Theresa Robertson - lead vocals; Maggie Connell - keyboards, vocals; Missy Connell - bass, vocals; James Demeter - guitar; Phil Cohen - drums
There are those who believe the Heaters were one of the great club bands to emerge from L.A. in the late-'70s, when acts like L.A. Guns, Hollywood Rose (later to become Guns N' Roses), Van Halen, the Knack, the Motels, Fear, Wall of Voodoo, X and many others often played together or across the street from each other.
They were thrown into the "new wave/ punk" bin of aspiring rock bands, but in reality, the Heaters were a group of musicians in love with the huge, classic sound of the '60s, and simply wanted to update that. They never became a commercial success, but they had a very loyal following of fans who even today remain dedicated to the music the band made.
The lack of success that the Heaters suffered through is a classic rock 'n' roll behind-the-scenes story. The band, which gained its notoriety by sporting three distinct female members who all sang, was being managed by a couple of friends with limited music industry experience. One night early in their career, the band was heard by top Brit producer Mike Chapman, who with partner Nicky Chinn, had become one of the biggest production/management teams in the world. At the time, they were behind the success of Blondie, Suzi Quatro, Nick Gilder, the Sweet, Mud, and others.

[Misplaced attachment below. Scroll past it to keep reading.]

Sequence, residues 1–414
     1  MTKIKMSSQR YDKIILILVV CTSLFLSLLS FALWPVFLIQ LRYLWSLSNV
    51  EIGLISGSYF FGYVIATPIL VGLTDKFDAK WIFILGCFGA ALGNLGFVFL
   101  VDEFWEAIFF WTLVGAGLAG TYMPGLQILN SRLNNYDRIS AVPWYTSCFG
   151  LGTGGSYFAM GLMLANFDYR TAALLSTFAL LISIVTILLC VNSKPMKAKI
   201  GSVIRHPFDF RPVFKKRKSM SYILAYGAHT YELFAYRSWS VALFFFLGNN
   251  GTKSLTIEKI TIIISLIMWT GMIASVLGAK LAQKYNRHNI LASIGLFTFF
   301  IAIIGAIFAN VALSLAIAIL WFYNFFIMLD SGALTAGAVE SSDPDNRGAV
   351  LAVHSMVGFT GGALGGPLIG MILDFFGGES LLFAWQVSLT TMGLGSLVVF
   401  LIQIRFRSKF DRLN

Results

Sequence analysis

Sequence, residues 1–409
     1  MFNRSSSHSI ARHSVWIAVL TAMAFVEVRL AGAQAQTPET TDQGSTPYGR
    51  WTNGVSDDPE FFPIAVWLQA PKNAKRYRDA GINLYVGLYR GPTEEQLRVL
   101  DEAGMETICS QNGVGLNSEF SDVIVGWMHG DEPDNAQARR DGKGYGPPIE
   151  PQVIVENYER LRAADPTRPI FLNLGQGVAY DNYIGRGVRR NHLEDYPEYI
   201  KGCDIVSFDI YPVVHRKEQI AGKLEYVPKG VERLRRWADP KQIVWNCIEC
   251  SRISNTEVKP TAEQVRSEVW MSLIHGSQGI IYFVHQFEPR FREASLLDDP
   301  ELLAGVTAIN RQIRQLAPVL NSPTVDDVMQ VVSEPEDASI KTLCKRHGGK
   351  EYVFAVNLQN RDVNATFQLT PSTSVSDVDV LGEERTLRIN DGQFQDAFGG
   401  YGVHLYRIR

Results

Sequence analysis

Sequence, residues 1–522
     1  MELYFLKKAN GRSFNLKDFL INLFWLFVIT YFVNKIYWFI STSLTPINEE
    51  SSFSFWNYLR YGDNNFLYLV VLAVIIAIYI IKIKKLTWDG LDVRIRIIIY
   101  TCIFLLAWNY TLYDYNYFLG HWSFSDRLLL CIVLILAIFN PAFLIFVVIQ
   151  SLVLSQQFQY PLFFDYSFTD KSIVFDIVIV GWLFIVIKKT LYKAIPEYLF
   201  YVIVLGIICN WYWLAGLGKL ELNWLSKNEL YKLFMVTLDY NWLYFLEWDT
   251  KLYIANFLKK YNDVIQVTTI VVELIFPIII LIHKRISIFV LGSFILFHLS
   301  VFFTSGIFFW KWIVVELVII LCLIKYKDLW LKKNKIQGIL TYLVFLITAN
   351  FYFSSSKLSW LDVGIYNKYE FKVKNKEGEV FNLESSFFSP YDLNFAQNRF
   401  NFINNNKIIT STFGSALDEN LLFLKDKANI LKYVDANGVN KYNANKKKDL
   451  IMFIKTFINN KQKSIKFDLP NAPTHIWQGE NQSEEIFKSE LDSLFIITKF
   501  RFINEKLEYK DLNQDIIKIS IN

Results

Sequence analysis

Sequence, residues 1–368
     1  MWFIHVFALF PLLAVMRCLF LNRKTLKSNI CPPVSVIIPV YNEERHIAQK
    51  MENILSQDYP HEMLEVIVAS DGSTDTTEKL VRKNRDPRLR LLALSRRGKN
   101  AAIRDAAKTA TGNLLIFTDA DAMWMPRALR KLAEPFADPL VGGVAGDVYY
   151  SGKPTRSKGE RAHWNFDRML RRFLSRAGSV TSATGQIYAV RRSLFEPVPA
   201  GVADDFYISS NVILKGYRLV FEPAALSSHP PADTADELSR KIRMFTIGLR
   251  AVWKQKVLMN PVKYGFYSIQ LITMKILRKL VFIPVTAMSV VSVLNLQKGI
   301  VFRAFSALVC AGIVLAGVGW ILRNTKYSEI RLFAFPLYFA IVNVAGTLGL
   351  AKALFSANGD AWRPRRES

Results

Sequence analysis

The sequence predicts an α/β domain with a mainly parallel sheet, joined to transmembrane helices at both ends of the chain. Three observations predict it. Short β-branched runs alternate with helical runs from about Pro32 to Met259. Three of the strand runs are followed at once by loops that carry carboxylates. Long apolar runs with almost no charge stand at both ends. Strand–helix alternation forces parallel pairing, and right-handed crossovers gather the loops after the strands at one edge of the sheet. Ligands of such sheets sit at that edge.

Chapman saw the Heaters, fell in love with their sound, and wanted to both manage and produce them. He assured them a big deal with Chrysalis Records, where nearly all of his acts were signed. The band, however, decided to stay loyal to its current management who, despite getting them a deal on BMG's Ariola Records, was unable to get them any real national recognition. (Ironically, Chapman would take one of the Heaters songs, "I've Never Been In Love," and make it a worldwide hit for Suzi Quatro).
Despite its huge international presence, Ariola was not well situated to break acts in America. They did get the Heaters some attention, but were unable to make a breakthrough on radio with the band. (Some feel the lack of success was a result of the fact that the band was pressured into working with a producer they disliked and who refused to let the band be involved in the making of the LP.) Most critics panned the band's debut, but the success of their live club shows led to a deal with Columbia Records. The band released a second LP, Energy Transfer, this time replacing both Cohen and Demeter with Steve Barbato from Mr. Lucky and future Los Lobos drummer Victor Bisetti. Energy Transfer also stiffed, but the band stayed together for another disc. By 1981, the Heaters were history.
In 1982 Missy, Theresa and Maggie formed the Commotions, who eventually became the Notorious Barbies. That name was dropped when they learned of a Nazi group with the same moniker, and they again resurfaced in the early-'80s as Mr. Girl. Eventually, they all went solo, with Theresa becoming one of the last artists produced by the infamous Phil Spector.
In 1998, an album of out-takes and demos was released on an indie label, entitled Living In A Sitcom, a name which the former members thought was appropriate for the LP.